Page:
The New York Bike SchoolMonthly highlights Urban Cycling Stories
Riding a bicycle to school is often a first taste of life on two wheels. Riding a bicycle to a bike school takes the idea to a whole new level, and – odd though it might sound – looks like it could become a reality for youngsters in New York City.
What exactly a bike school might be is a question that becomes more exciting the longer you listen to the answer. A curriculum that teaches mathematics through the distances of a bike ride; chemistry through the annoying possibility of particles fusing in a seized, corroding seatpost; physics from the leverage effects of differing wheel sizes; geography by round-the-world cyclists and literature through the novelists, thinkers and poets who over the years have favoured travel by bicycle.
One of the Brooklyn residents pushing the group forward is Andree Sanders, from the New York organisation Trips for Kids. She eloquently sums up the wider purpose behind the school, explaining the sort of holistic benefits that most passionate cyclists can relate to.
“On a bike there are times where obstacles must be overcome, a fear, an object in your way, a mechanical with the bike, these are moments where a decision must be made. This moment requires trust in oneself, belief that you have what it takes to solve it, allowing yourself to take risk. This is a moment of personal growth, creating a learning experience for students which stays with you and which can transfer from the bike to everyday decision making.”
There is also an intention for students, often confined to classrooms and small homes in a crowded city, to make cycling a key part of their day. Bike trains to and from school, where young people and parents can ride in the safety of a group, are becoming more common in forward-thinking towns and cities around the world, and would certainly figure as part of the Brooklyn project. Then there are the vocational skills that can be developed through bicycles – setting youngsters on the way to careers in mechanics, engineering, bike retail or distribution.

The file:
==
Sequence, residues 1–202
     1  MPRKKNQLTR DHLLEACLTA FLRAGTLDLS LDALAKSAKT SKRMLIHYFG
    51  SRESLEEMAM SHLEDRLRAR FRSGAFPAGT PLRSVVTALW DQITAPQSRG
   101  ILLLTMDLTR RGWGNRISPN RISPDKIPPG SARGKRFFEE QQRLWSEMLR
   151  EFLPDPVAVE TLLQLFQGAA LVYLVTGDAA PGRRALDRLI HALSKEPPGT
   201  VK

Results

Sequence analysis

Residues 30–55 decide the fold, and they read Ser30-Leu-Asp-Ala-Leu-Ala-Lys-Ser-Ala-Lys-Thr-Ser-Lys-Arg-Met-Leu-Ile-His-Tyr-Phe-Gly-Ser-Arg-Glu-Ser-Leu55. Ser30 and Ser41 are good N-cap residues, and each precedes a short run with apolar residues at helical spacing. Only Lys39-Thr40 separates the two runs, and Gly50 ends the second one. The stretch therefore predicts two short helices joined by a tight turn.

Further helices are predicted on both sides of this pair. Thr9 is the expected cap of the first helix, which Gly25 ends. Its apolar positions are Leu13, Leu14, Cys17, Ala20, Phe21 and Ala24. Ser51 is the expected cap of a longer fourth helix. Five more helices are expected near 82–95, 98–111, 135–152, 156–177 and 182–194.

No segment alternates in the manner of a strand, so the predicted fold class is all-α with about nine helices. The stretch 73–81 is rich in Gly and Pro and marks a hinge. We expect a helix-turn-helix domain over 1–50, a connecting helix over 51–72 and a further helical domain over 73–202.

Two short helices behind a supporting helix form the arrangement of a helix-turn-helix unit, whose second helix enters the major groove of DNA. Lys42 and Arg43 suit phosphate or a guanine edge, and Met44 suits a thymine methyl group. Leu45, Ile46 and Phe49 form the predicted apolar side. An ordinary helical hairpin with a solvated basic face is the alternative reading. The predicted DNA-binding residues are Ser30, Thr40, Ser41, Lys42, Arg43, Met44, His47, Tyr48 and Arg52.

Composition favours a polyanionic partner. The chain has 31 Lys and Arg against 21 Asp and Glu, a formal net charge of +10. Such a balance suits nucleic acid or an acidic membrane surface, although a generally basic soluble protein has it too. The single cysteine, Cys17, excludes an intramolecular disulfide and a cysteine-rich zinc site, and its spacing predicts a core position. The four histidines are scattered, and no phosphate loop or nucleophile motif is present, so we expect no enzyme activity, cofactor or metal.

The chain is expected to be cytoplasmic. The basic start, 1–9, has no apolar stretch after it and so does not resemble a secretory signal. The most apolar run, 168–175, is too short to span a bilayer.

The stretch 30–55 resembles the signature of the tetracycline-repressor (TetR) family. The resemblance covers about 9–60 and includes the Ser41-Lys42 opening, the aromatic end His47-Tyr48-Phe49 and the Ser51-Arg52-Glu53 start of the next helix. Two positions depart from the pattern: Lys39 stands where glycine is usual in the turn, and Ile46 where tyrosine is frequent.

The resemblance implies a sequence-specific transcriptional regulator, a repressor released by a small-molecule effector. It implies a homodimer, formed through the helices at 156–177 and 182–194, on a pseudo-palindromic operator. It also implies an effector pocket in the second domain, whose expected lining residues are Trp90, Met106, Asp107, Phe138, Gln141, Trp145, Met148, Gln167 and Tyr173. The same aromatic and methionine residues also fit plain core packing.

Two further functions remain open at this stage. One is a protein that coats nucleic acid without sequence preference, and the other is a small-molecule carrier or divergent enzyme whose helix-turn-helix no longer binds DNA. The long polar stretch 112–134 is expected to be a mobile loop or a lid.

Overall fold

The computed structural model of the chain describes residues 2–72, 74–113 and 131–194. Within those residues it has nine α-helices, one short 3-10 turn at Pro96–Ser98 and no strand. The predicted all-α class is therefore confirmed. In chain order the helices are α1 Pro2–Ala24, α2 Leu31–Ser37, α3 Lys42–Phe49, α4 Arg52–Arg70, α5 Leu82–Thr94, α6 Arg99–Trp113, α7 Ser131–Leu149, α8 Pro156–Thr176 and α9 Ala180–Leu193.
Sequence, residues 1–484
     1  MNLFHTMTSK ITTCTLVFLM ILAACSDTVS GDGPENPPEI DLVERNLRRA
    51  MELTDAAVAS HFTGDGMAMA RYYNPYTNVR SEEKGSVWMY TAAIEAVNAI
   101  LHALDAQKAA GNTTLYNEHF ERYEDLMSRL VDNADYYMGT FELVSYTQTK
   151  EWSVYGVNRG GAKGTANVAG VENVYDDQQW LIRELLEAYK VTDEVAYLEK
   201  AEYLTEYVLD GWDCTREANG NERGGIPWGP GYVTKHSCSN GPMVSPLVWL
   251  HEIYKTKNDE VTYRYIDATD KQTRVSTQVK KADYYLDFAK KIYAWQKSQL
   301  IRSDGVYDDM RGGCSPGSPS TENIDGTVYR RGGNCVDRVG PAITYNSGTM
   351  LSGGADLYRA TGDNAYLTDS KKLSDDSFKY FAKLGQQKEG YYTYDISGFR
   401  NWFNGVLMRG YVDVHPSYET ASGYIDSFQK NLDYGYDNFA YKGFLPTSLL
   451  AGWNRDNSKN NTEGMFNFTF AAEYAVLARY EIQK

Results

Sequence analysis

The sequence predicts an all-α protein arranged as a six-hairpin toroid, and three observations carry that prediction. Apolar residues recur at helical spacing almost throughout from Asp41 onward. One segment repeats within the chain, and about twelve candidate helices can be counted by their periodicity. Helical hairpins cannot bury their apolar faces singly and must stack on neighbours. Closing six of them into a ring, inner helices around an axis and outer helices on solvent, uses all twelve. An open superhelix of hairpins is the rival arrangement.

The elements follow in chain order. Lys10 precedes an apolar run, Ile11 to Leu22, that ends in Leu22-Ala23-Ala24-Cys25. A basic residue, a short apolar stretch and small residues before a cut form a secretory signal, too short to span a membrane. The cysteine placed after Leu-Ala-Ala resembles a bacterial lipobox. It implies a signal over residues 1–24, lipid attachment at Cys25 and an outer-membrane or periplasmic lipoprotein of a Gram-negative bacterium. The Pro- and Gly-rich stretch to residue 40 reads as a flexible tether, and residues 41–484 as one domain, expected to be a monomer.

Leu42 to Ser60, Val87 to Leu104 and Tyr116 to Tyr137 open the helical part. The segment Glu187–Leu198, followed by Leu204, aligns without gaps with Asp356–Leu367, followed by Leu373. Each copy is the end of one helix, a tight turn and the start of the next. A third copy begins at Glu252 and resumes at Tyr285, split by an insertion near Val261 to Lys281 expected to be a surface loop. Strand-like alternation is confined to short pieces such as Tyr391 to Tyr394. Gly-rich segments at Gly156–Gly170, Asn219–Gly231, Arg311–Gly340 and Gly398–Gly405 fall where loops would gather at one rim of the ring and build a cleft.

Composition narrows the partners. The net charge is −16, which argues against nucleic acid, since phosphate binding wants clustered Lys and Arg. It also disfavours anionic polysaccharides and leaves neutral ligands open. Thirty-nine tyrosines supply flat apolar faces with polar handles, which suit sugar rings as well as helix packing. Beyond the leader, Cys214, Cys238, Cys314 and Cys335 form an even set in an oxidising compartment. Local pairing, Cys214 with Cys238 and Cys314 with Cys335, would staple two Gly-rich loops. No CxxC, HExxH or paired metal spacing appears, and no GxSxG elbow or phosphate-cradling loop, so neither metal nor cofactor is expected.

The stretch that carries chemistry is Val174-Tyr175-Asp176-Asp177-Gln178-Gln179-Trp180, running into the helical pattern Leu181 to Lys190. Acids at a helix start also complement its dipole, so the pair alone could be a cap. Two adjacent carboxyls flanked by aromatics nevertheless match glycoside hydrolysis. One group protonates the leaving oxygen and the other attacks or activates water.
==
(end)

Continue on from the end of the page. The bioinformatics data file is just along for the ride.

Beyond the practical, however, and at a time in history where throwing things away or paying someone else to carry out repairs is commonplace, the school wants to offer an opportunity for learning by doing, where students carry out practical tasks that offer creative challenges and genuinely hands-on tasks, rather than only entertainment or learning by the screen of a computer, television or phone.
Will Knoesel, who runs a local bike club, explains the excitement of students who have attended his Fix-A-Flat puncture repair workshops, where he often incorporates an economics lesson that appeals to the entrepreneurial side of youngsters.
“Some of my students live in neighbourhoods that lack bike shops, and I teach them how easy and inexpensive it is to patch an inner tube. They share their skills with their communities, and sometimes make some pocket change by selling their services. Teens love it when they become expert at something, and hopefully this spurs them to pursue other endeavours.”